Plants perennial; appearing loosely cespitose and forming a rather closed turf, stoloniferous, stolons to 25 cm, slender, leafy, weakly rooting and eventually producing tufts of shoots at the nodes, without rhizomes. Culms 15-75 cm, erect, frequently geniculate at the base, sometimes weakly rooting at the lower nodes, with 2-4 (6) nodes. Leaves basal and cauline; sheaths usually smooth, sometimes scabrous distally; ligules 1-4 mm, dorsal surfaces scabridulous, apices truncate to obtuse or acute, erose-lacerate; blades 1-10 cm long, 1-3 mm wide, usually flat, sometimes involute, usually scabrous, apices acute. Panicles 3-10 cm long, 1-7 cm wide, open, often lax, lanceolate to broadly ovate, lowest node with 3-7 branches; branches more or less scabrous, erect to spreading, usually branched above midlength, spikelet-bearing in the distal 1/3, patent at anthesis, lower branches 3-5 cm; pedicels (0.4) 1-3 mm. Spikelets lanceolate or narrowly oblong, brownish yellow to purplish or rarely greenish. Glumes subequal, 1.7-3 mm, 1-veined, scabrous only on the distal part of the midveins, acute; callus hairs to 0.1 mm; lemmas 1-2 mm, about 2/3 the length of the glumes, bases minutely pubescent, otherwise glabrous, translucent to opaque, 5-veined, veins prominent or obscure, apices acute to obtuse, entire, usually awned from near the base, awns to 5 mm, geniculate, rarely unawned, awned and unawned lemmas sometimes mixed within the panicle; paleas absent, or to about 0.2 mm and thin; anthers 3, 1-1.5 mm, at least 1/2 as long as the lemmas. Caryopses 0.8-1.2 mm; endosperm solid. 2n = 14.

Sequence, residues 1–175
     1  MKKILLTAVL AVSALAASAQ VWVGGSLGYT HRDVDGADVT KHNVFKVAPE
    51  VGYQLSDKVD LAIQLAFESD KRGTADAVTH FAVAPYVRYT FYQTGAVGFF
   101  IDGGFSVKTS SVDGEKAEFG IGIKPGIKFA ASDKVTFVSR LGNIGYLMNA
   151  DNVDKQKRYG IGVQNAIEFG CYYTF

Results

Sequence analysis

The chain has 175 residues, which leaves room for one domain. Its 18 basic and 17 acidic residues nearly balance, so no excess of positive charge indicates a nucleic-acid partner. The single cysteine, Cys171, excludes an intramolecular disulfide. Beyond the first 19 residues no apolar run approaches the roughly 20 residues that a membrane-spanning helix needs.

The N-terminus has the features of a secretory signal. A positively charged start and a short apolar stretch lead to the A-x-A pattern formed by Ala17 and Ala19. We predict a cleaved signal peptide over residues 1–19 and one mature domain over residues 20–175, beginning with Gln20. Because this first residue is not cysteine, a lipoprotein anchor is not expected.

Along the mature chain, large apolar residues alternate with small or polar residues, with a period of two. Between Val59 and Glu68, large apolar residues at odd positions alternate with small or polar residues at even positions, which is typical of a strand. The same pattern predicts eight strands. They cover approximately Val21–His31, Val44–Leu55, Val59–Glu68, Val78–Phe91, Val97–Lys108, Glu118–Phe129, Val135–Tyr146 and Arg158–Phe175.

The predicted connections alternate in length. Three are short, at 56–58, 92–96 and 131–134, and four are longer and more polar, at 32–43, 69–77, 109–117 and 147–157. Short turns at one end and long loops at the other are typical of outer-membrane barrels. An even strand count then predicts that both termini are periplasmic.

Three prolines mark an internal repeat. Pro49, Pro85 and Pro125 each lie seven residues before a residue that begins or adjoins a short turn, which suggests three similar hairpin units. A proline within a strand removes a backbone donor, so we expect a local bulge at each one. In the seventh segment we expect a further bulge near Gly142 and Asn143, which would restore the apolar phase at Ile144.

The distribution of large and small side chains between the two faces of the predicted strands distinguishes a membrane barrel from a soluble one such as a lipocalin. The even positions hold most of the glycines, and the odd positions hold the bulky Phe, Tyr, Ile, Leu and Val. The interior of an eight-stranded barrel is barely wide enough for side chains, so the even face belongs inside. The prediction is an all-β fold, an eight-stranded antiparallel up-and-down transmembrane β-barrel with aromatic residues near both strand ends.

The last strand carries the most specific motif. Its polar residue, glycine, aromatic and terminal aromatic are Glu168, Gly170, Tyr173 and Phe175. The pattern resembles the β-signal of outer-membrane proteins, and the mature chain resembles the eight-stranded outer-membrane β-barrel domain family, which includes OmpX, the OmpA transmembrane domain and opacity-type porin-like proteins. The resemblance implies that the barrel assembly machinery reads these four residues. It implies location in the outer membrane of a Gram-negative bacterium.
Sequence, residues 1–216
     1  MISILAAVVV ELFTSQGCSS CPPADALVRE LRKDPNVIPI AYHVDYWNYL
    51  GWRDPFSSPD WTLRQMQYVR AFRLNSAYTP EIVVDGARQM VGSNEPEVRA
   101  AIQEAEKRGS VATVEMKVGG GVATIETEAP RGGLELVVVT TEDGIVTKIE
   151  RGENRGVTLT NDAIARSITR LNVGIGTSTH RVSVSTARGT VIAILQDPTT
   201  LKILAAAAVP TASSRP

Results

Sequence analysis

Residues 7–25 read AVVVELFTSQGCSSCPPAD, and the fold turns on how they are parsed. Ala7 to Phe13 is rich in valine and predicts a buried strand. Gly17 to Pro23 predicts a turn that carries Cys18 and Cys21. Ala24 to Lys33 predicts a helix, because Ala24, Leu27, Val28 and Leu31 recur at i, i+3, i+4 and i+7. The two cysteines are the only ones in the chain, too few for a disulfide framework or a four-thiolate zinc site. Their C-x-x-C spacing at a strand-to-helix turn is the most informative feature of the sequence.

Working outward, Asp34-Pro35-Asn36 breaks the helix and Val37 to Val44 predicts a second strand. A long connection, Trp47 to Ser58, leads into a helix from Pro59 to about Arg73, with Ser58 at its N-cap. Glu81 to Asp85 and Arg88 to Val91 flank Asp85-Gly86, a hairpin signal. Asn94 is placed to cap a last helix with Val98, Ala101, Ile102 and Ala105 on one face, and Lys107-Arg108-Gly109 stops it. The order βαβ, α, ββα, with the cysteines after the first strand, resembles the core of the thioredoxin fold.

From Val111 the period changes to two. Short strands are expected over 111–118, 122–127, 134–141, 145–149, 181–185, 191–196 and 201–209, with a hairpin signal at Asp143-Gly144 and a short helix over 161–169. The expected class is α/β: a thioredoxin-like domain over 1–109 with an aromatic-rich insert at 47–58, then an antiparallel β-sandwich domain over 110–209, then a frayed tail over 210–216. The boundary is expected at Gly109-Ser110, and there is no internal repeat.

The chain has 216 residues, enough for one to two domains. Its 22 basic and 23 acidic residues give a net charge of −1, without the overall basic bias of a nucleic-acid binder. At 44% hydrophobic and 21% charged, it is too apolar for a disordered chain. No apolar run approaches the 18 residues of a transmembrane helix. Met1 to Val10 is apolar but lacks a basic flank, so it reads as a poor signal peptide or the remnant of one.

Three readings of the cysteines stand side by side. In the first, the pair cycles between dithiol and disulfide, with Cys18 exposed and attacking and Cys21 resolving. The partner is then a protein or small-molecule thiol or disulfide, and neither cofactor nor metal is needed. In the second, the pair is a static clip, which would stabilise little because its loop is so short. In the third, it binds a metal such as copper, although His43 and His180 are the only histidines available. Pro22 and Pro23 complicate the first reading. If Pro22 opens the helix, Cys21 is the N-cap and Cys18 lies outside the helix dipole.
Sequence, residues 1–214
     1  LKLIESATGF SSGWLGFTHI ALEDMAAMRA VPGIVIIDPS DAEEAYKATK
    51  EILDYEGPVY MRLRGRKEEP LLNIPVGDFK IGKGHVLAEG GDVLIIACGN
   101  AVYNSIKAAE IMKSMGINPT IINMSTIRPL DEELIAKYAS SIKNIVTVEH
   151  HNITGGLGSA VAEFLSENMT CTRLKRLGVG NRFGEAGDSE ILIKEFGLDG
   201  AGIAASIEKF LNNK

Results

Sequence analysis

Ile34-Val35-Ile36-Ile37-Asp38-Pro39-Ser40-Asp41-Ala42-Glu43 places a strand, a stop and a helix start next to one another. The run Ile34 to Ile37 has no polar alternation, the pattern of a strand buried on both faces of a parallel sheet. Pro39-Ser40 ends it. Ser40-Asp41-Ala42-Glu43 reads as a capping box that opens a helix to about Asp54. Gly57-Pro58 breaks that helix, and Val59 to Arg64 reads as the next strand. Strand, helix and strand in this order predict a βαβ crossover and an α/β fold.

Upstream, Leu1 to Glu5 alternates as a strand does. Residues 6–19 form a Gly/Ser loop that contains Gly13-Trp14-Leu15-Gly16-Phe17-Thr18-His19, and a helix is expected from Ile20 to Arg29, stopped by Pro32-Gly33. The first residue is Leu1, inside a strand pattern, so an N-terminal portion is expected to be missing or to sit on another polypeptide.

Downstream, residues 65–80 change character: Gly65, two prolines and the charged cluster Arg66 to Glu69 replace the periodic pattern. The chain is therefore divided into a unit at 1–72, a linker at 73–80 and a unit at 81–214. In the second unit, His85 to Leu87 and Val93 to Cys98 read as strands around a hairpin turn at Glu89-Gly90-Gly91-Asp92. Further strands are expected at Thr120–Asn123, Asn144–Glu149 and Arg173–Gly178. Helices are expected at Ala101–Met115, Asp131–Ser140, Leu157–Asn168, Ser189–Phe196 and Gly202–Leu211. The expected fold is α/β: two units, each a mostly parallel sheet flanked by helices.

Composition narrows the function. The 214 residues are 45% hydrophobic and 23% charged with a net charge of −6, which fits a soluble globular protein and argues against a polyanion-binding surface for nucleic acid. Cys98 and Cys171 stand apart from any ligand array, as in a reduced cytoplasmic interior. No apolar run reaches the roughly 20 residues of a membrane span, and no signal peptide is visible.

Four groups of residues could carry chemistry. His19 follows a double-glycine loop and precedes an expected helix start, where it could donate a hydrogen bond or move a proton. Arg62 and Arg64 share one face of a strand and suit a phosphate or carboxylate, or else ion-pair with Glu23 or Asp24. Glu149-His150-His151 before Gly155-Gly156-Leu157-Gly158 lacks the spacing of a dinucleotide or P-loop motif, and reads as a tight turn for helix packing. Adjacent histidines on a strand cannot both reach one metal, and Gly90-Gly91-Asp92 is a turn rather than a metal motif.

Maine, Conn., Mass., N.H., N.Y., R.I., N.J., Del., Md., W.Va., Pa., Minn., Mich., Tenn., Pacific Islands (Hawaii), Vt., Oreg., Greenland, N.B., Nfld. and Labr., N.S., P.E.I., Que.
Agrostis canina is a Eurasian species that is now established in both western and eastern North America, where it grows on roadsides and open ground in summer-cool climates. It is used for fine-textured lawns and golf greens. Similar to A. vinealis (see next), it may be differentiated from that species by its creeping, leafy stolons that form a dense carpet, and the finer, softer texture of its leaves. Unawned plants have been called A. canina var. mutica G. Sinclair.
"decumbent" is not a number.